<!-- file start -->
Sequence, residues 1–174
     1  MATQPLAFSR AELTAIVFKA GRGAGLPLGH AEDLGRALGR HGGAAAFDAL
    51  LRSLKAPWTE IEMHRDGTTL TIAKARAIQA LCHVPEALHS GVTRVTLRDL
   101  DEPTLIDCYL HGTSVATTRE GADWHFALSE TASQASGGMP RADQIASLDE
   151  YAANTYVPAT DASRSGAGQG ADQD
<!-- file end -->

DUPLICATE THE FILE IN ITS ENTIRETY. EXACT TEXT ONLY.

Sequence, residues 1–174
     1  MATQPLAFSR AELTAIVFKA GRGAGLPLGH AEDLGRALGR HGGAAAFDAL
    51  LRSLKAPWTE IEMHRDGTTL TIAKARAIQA LCHVPEALHS GVTRVTLRDL
   101  DEPTLIDCYL HGTSVATTRE GADWHFALSE TASQASGGMP RADQIASLDE
   151  YAANTYVPAT DASRSGAGQG ADQD